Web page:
The company explains that the new eScan1000 tool contains an electron optics system that splits a primary beam into multiple beamlets, while also collecting and processing the results from these secondary beamlets. The tool has limited crosstalk to sub-2% to maintain imaging quality, and uses a high-speed mode to increase the overall throughput, and new computational hardware acceleration to process the data from the beamlets quicker than before. The tool is also available at a range of beam currents, assigning it for both physical defect inspection and voltage contrast inspection. ASML promotes the fact that it has a proprietary database that excels in defect detection capabilities, spotting defects missed by more traditional metrology methods.The first ASML eScan1000 system was shipped to a "Silicon Valley customer" in the past week for initial testing and qualification at a customer site.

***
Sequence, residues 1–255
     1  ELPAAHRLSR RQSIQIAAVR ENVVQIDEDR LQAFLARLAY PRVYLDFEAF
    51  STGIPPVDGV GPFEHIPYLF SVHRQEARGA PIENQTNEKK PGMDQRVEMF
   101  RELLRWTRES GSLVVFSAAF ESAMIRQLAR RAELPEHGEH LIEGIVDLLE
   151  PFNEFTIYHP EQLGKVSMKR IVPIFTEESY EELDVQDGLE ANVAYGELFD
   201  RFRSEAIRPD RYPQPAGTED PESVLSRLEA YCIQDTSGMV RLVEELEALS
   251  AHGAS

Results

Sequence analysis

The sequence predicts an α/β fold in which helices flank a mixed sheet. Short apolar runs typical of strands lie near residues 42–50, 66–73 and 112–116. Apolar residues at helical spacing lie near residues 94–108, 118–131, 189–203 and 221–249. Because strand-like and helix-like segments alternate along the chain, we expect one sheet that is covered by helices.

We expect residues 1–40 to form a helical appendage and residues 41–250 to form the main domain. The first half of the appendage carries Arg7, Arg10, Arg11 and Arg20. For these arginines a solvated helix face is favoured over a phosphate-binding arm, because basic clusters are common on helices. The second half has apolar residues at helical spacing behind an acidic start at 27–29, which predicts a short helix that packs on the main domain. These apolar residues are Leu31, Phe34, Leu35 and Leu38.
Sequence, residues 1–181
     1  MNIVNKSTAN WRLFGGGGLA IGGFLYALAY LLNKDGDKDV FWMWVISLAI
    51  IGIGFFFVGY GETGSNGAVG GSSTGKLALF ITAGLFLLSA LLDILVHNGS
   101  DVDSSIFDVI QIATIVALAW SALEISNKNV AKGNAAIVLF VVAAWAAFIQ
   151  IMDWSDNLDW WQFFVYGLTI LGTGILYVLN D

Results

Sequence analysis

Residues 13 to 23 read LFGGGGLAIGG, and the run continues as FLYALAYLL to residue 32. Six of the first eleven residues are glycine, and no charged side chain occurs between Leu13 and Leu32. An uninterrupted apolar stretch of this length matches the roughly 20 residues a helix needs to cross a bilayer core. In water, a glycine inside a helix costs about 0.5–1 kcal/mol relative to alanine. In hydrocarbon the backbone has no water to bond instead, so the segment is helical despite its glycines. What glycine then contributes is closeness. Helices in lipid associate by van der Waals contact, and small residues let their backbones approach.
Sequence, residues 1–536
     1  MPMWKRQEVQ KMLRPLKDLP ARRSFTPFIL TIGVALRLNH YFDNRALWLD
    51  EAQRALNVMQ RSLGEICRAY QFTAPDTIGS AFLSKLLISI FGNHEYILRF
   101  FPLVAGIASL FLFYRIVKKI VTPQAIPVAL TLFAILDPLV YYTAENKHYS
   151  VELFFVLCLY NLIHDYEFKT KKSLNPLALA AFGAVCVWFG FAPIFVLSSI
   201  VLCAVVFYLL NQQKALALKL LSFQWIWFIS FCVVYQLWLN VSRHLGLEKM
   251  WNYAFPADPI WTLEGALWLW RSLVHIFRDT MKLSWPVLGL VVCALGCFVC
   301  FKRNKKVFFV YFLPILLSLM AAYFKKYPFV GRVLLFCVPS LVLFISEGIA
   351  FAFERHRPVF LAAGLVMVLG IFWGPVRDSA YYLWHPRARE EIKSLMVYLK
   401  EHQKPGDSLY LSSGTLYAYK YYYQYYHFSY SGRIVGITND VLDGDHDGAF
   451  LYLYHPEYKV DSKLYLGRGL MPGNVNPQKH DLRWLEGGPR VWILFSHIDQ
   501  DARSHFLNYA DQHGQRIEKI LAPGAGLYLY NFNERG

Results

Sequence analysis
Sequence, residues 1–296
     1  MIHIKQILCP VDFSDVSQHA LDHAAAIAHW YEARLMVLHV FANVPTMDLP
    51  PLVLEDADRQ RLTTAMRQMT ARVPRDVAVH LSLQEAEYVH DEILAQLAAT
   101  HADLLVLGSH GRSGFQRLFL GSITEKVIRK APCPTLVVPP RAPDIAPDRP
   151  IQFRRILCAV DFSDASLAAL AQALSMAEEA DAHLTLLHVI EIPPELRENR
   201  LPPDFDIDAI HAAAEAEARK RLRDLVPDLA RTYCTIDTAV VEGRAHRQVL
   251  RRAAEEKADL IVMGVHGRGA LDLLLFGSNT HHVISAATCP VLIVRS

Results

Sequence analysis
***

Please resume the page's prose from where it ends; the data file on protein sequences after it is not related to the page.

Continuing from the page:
ASML ships first multi-beam inspection tool for 5nm
Posted on Tuesday, June 02 2020 @ 10:51 CEST by Thomas De Maesschalck